Even though ratings haven’t provided a gold star for the series, “Friday Night Lights” has not relied on stunt casting to bolster viewership. 

“There is a strong verité aspect to the show,” said Katims.  “With the format we’ve developed, a big star may take you out of the reality of the story.  We’d be open to casting a recognized name, but we really cast by what the needs are for the character creatively.” 

After season two, “Friday Night Lights” was clearly struggling with viewership.  NBC reached out to DirecTV with a unique contract in an effort to keep the show on the air. 

“DirecTV and NBC have a first-run contract,” said Katims.  “It airs on DirecTV first then on NBC.  Each station does publicity for the show.  By virtue of this unique situation, we get more publicity than we would normally get.  This has kept the show on the air.” 

“There are very few shows you can believe in, and this is one of them,” said Eric Shanks, Executive Vice President of Entertainment for DirecTV.  “We feel we made the right choice.  We are elated to be partners with NBC and try out this new model.” 

With many Emmy nods and wins for sports programming, “Friday Night Lights” marks the first time DirecTV has been nominated for prime time programming.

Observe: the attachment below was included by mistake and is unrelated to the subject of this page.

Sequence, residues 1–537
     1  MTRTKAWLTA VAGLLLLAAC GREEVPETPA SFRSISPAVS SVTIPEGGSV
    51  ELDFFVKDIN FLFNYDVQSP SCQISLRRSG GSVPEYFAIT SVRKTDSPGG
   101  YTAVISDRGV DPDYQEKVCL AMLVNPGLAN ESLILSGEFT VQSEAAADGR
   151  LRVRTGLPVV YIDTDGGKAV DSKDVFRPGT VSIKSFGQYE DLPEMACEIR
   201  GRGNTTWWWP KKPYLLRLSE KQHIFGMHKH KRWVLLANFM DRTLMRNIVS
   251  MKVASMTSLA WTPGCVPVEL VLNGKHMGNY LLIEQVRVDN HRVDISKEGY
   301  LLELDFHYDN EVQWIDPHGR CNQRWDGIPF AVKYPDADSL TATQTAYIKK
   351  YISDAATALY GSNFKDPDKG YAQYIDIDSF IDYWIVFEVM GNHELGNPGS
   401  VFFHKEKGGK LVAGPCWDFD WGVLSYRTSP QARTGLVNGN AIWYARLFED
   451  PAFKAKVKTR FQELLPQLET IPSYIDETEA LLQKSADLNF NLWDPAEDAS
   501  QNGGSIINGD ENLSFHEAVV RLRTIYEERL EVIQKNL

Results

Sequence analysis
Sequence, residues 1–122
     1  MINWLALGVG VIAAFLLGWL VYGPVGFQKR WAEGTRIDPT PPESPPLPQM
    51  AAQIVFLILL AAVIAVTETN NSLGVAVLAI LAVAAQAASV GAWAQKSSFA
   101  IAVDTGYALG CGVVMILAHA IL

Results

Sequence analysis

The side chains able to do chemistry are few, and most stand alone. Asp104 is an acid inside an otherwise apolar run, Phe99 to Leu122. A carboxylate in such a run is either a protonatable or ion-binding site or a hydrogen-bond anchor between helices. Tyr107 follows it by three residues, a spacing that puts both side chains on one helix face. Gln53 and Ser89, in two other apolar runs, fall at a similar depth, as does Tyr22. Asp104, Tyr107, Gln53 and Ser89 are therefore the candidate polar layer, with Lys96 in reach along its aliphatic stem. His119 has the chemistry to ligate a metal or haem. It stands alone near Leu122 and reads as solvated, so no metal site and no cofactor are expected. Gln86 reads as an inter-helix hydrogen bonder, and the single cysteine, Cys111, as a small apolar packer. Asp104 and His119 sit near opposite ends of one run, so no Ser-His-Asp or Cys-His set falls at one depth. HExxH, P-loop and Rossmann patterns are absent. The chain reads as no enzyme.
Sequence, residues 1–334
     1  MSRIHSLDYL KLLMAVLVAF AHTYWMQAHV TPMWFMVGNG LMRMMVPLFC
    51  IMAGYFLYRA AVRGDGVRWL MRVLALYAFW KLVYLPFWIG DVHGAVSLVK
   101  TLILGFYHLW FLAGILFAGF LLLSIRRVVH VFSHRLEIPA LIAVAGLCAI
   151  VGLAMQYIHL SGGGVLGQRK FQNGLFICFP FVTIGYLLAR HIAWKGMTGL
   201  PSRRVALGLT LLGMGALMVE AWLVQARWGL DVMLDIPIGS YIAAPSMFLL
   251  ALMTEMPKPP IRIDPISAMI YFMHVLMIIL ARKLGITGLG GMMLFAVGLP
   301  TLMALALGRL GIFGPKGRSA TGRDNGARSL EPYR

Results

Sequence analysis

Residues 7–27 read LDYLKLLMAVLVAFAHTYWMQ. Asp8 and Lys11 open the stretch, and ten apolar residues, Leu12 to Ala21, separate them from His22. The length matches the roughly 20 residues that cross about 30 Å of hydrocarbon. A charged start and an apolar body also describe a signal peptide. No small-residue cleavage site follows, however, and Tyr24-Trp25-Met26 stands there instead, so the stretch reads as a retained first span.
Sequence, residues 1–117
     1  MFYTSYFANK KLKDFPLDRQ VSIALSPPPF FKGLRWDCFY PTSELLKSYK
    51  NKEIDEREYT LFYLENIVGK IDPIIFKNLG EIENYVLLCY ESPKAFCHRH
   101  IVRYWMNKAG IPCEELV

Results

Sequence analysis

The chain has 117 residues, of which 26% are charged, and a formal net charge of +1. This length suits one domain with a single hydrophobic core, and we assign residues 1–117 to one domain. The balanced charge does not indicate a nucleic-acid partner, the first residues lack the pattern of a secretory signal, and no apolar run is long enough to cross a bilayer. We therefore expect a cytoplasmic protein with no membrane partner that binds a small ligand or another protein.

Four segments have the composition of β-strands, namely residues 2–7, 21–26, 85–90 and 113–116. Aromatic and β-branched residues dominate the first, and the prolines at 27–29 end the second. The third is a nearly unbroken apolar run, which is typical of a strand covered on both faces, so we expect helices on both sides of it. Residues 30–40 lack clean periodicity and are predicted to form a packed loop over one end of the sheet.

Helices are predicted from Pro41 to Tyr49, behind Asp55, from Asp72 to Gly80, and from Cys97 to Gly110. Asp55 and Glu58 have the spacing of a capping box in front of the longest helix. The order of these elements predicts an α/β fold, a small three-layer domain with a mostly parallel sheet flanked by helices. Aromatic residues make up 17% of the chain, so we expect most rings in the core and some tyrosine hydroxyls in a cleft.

“The pay TV world is unique,” said Shanks.  “We feel we’re really paving the way with original content.  Viewership has exceeded our expectations.  This upscale drama fits so well with our premium brand: we have higher expectations for our customer service and our programming standards.  Our model is much more concerned with the passionate, hard-core audience.” 

“This show has always been tricky.  People find it, love it, and become passionate about it,” said Katims.  “Although we have a small audience of loyal fans, there are many people who haven’t found the show.  An honor like an Emmy nomination is really important to keeping the show on people’s minds.  We have a great cast and crew who completely deserve this recognition.”    

Thanks to the contract between DirecTV and NBC, “Friday Night Lights” will continue airing for two more seasons.   Additionally, the show will continue shooting on location in Texas.

“There was a short period of time where there was talk of moving the show out of Texas due to finances,” said Katims.  “But this never came close to being done.  We have a great relationship with the city.  We shoot on practical locations with crew based mostly in Texas.” 

“Even locals who have nothing to do with the show support the production,” said Sepko.  “People are supportive of the film community here.  When our film incentives were threatened, we had full community support, with hundreds of people heading to the capital to lobby.”  

Sepko is happy to share the honor “Friday Night Lights” has received with the community. Visitors to her office will find a special surprise. 

“We do display the Emmy in the office,” said Sepko.  “Sometimes people notice it in the middle of an audition, and will get so distracted that we have to start over again.”